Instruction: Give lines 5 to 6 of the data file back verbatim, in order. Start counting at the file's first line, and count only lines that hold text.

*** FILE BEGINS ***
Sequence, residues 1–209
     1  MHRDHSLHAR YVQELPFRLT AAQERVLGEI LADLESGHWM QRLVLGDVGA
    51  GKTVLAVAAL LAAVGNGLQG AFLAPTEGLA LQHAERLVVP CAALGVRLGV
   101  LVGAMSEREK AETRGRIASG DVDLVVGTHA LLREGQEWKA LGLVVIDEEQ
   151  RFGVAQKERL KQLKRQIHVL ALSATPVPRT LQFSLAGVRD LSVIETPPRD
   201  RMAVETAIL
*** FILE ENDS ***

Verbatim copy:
   151  RFGVAQKERL KQLKRQIHVL ALSATPVPRT LQFSLAGVRD LSVIETPPRD
   201  RMAVETAIL